5. Click the + (plus) button under the Users column to add a user or group if the user or group you want isn’t already showing in the Users column.
6. Click the double-headed arrow to the right of a user or group name and change its privileges.
I’m changing the permission for Everyone from Read Only (checked in Figure 16-8) to Read & Write (selected in Figure 16-8). You can choose among three types of access (in addition to no access) for each user or group, as shown in Table 16-1. If you’re the folder’s owner (or have administrator access), you can click the padlock icon and change the owner and/or group for the file or folder.
Table 16-1 Privileges
What It Allows
Read & Write
A user with Read & Write access can see, add, delete, move, and edit files just as though they were stored on her own computer.
A Read Only user can see and use files that are stored in a Shared folder but can’t add, delete, move, or edit them.
Write Only (Drop Box)
Users can add files to this folder but can’t see what’s in it. The user must have read access to the folder containing a Write Only folder.
With no permissions, a user can neither see nor use your Shared folders or drives.
Useful settings for permissions
The following sections show you just some of the most common ways that you can combine permissions for a folder. You’ll probably find one option that fits the way you work and the people you want to share with.
Owner permissions — in this case, single silhouette; Bob LeVitus (Me) in Figure 16-9 — must be at least as expansive as Group permissions (double silhouette; Staff in Figure 16-9), and Group permissions must be at least as expansive as Everyone’s permissions (triple silhouette; Everyone in Figure 16-9). So to set the Everyone privilege to Read & Write, the Group and Owner privileges must also be set to Read & Write.
In the following examples, I show how to set permissions in the Sharing System Preferences pane. Another way to set permissions is by selecting an icon in the Finder and choosing File⇒Get Info (shortcut: +I) and then changing the settings in the Sharing & Permissions section at the bottom of the resulting Get Info window. The two methods are pretty much interchangeable, so you can use whichever is more convenient.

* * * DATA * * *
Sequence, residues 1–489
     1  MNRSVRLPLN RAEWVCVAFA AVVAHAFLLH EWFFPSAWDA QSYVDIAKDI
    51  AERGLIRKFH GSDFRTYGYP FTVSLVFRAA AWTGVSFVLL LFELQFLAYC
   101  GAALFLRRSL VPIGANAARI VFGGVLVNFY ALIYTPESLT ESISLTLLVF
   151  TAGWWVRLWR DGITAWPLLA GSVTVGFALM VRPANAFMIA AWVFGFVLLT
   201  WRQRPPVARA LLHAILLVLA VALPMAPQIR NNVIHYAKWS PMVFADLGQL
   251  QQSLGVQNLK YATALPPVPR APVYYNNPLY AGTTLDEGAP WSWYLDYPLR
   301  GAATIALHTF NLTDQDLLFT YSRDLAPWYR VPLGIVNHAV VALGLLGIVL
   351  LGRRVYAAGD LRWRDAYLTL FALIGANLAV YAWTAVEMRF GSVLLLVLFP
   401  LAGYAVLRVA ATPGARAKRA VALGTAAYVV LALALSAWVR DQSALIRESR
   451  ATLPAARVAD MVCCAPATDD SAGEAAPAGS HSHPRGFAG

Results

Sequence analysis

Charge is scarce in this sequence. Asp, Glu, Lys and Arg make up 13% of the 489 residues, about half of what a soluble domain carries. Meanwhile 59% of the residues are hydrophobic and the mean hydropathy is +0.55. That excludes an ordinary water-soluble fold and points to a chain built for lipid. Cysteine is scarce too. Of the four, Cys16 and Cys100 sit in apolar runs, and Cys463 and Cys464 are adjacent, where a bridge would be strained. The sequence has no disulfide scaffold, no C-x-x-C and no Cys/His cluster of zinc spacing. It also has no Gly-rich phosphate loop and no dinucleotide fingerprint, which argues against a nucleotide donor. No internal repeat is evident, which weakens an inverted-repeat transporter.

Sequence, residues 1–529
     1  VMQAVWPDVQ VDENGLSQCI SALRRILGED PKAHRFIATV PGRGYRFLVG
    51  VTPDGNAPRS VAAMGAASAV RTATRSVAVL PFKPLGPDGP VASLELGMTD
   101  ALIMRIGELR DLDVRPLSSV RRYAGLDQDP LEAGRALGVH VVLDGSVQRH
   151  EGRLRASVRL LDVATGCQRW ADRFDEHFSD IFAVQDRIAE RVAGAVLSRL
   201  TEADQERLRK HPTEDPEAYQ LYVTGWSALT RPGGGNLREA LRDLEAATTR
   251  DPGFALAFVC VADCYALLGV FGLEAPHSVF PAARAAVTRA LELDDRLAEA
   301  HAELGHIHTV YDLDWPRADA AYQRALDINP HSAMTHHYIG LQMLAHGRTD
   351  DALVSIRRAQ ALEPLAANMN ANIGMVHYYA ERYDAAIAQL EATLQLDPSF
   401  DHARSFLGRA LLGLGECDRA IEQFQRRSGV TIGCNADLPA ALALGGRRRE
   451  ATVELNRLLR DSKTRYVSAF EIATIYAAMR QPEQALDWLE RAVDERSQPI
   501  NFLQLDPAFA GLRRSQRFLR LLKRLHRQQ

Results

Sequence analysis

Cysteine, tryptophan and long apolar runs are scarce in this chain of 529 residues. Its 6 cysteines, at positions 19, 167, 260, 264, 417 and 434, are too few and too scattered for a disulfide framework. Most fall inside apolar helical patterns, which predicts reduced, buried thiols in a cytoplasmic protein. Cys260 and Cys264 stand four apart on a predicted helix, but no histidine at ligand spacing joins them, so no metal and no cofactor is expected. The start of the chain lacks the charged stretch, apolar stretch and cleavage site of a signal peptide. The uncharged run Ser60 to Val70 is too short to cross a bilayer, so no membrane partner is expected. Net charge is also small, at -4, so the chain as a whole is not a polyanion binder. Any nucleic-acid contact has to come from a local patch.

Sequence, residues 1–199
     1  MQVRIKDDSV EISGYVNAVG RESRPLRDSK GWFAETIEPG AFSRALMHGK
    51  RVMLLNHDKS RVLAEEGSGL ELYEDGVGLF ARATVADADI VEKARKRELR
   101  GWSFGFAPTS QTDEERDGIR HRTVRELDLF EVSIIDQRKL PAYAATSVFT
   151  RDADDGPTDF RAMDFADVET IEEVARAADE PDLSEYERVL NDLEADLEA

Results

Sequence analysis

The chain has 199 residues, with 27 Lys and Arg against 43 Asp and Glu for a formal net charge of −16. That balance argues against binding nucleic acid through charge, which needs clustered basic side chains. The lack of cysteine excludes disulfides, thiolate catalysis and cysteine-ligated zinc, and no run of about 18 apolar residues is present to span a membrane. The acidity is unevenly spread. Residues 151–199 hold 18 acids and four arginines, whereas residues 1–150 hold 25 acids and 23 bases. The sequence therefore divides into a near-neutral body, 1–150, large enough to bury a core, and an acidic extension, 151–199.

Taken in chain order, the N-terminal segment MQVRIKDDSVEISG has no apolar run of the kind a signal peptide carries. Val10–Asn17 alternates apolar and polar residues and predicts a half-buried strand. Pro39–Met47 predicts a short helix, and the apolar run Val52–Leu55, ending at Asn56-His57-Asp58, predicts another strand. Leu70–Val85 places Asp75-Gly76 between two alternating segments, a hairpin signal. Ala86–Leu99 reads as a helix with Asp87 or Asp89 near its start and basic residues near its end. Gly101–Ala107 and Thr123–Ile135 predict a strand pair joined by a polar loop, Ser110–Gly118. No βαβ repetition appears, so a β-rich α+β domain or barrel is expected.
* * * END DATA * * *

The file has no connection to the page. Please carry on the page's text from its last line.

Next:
Allow everyone access: In Figure 16-9, I configure settings that allow everyone on a network to access the Bob’s Downloads folder. Everyone can open, read, and change the contents of this Shared folder. Do this by choosing Read & Write for Others from the pop-up menu to the right of the user’s name in the Sharing System Preferences pane or the folder’s Get Info window.
Figure 16-9: Allow everyone access, if you want.
Allow nobody but yourself access: The settings shown in Figure 16-10 reflect appropriate settings that allow owner-only access to the Bob’s Downloads folder. No one but me can see or use the contents of this folder. Members of the Staff group can drop files and folders into this folder (see the later bullet “Allow others to deposit files and folders without giving them access: A drop box”). Use the pop-up menus to choose Write Only (Drop Box) as the Staff privilege and No Access as the Everyone privilege.
Figure 16-10: Allow access for no one but the folder’s owner.
Allow all administrative users of this Mac access: Check out Figure 16-11 to see settings that allow the group Staff (in addition to the owner, Bob LeVitus) access to see, use, or change the contents of the Bob’s Downloads folder. Use the pop-up menu to choose Read & Write for the Staff privilege.